Based on that, I will simply strive for a “nice game ump” after every game I do …

And I will not expect an assignment to Williamsport before I’m in a wheelchair … but I will never stop working towards it …

If I get to Williamsport, my reward will have nothing to do with being on TV for two weeks straight, but it will have everything to do with focus … I will know I am there because I created a ton of “customer satisfaction” consistently and over a long period of time.

Although I hope you will all watch me on TV when it happens!

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Published: July 22, 2016

2 Responses to “When Being Invisible is Golden …”

  1. Hi Dear Mr Will Newman,

    It is clear enough to believe that people love entertaining.If we combine arts with copy-writing we inspire and motivate people to react in a meaningful way to invest big money for increasing and researching alternative sciences.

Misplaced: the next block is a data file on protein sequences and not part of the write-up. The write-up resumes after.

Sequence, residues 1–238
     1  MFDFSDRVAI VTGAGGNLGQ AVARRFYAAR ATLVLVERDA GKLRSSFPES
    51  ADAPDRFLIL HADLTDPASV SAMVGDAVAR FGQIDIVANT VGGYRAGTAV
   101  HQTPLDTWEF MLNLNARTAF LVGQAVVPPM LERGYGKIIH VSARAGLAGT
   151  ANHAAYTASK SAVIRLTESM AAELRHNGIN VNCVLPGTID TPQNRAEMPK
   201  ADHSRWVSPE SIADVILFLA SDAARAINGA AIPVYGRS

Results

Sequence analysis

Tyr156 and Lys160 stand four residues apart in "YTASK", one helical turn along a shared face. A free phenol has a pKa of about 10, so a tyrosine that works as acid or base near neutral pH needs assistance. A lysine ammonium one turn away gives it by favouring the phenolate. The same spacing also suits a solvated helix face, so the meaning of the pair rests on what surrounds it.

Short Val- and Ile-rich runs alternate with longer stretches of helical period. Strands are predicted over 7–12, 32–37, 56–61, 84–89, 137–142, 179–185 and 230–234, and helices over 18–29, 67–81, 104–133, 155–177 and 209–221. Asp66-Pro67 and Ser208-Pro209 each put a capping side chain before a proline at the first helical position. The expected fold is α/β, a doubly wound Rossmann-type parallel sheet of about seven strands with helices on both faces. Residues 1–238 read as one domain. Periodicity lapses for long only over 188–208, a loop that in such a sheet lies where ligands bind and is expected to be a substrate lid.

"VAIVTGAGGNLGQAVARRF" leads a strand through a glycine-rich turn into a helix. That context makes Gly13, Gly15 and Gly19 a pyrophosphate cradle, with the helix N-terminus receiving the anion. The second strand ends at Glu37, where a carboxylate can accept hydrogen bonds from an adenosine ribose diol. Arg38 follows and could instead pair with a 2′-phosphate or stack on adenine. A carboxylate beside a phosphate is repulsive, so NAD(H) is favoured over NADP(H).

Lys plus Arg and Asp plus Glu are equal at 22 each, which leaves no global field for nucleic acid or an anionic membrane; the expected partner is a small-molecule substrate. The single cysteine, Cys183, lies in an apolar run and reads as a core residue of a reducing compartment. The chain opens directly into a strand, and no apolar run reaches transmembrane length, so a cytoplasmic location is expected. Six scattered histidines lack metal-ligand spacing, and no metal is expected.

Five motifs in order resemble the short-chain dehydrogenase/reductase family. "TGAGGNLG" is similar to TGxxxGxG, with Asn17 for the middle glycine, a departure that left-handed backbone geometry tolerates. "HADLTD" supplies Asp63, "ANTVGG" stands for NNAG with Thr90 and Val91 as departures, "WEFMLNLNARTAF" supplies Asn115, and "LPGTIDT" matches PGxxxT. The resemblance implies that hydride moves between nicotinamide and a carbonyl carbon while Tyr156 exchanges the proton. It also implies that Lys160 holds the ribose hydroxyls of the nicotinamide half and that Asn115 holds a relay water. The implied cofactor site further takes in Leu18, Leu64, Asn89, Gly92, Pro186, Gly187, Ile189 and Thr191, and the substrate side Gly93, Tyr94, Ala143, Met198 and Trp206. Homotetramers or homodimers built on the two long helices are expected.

We can not stop the exploding needs of consume.There is neither boundaries for excellence nor for praises.We are looking inquisitively for certain combination to find new market for consistently upcoming resources and inventions.

    Ali Rely.

    Guest (ali rely)July 22, 2016 at 3:51 pm

  2. I have always enjoyed myself much more when I pour myself into a task -- not for praise or even recognition (although both are nice!), but rather for the joy of seeing results. I'm assuming that's what Brian Kurtz is talking about in his excellent essay.

    Pat HJuly 22, 2016 at 8:15 pm